Update: On April 1, 2013 the Loan Refinancing Assistance Pilot Project (LRAPP) program began to accept applications from residents in Deschutes and Jackson counties, areas where the foreclosure crisis has been particularly severe. The pilot program is very limited in scope, but has the potential to test out a HARP 3 type program.
Oregon’s Hardest Hit Fund Organization announced a pilot run of Sen. Merkley’s (D-Oregon) Rebuilding American Homeownerhip (RAH) 4% mortgage program. The RAH is the first "HARP 3.0" loan program, of the ones proposed so far, that would be available to all underwater borrowers.
Outside of RAH, underwater borrowers who do not have a Fannie Mae or Freddie Mac loan that is eligible for the HARP program, or are eligible for a VA or FHA streamline refinance, have no refinance opportunities. Although Congress has talked about expanding the HARP program,so far, there has been no concrete action.
Some of the main HARP 3.0 proposals are:
The aim of the loan is to offer underwater borrowers an opportunity to refinance at low interest rates. Here are the proposed loans:
Sen. Merkley’s RAH program provides an opportunity for all underwater borrowers to refinance, as long as they meet two general criteria:
The RAH program was introduced in July 2012, during the election season. Sen. Merkley published a working paper, proposing the 4% mortgage for 15-year loans. Since that time, there has been no legislation to push the program forward.
The first pilot of Sen. Merkley’s proposal will be in Multnomah County, Oregon. This is the most populated area in Oregon, with a population of about 735,000, and includes the Portland area. The pilot program will be run through the Oregon Home Stabilization Initiative. The details of the program have not been released, including the manner the loans will be funded, guaranteed, and sold off, eventually allowing for more loans to be generated. (The first batch would be about 50 loans at $2000,000 each).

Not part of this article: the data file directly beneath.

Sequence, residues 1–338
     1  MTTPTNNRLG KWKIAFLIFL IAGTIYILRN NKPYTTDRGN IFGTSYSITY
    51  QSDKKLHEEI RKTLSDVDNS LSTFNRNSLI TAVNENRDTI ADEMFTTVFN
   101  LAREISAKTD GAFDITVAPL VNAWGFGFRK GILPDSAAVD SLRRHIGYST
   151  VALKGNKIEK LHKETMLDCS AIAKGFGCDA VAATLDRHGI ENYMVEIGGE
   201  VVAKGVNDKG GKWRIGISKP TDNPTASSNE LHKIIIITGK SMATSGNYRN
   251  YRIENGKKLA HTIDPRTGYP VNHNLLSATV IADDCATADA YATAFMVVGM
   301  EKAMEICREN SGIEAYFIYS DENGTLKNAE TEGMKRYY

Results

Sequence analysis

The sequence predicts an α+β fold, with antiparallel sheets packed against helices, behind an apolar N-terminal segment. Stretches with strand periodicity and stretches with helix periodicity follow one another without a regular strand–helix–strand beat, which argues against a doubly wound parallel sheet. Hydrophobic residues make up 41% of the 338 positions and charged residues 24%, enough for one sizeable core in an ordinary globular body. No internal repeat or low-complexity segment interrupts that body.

The exact underwriting requirements have not been released; however, according to the OHSI website, the limited pilot will begin in April 2013 and some of the eligibility criteria are:
Although Multnomah County is not the hardest hit area in the United States, it has also suffered from the housing crisis and economic downturn. Here are some statistics from the US Census Bureau (2012) about Multnomah County, Oregon:
|Median Value of Home (Owner Occupied)||$281,900 ( 166,916 units)|
|Total Housing Units||322,567 (61% are 1-unit)|
|Occupied Housing Units||302,224 (about 94%)|
|Mortgage Status (Owner Occupied)||127,363 units with mortgage (about 76%)|
Housing prices in Oregon have dropped more than 33% since hitting their peak in 8/2006 and their low in 2/2012. During the first nine months of 2012 Oregon's housing prices increased by 9%. The graph below shows a comparison of housing prices between 2002-2012 in Oregon, California, and the US average.
Here are January 2013 foreclosure rates, based on information provided by Realtytrac.com:
The RAHPP is a big step in starting Sen. Merkley’s 4% Mortgage program. The pilot will provide a framework to test the plan, adjust and improve it, and then to present it to the Senate for legislation.
As currently presented, the plan will begin in April 2013 and be available to a very limited amount of underwater borrowers in a very restricted geographical region. For the underwater borrower there are still many points missing, including the exact underwriting criteria (credit scores, DTI, LTV – what is significant negative equity?), lender fees, and appraisal requirements. It is also not clear how the program will be funded and the loans either guaranteed and/or sold to the secondary market.
The mortgage rate offered, 4% for a 15-year FRM or 5% for a 30-year FRM are not cheap. (It is still not clear what type of fees lenders can take); however, for some borrowers, this may be great opportunity to get into a lower interest rate and/or lower monthly payment.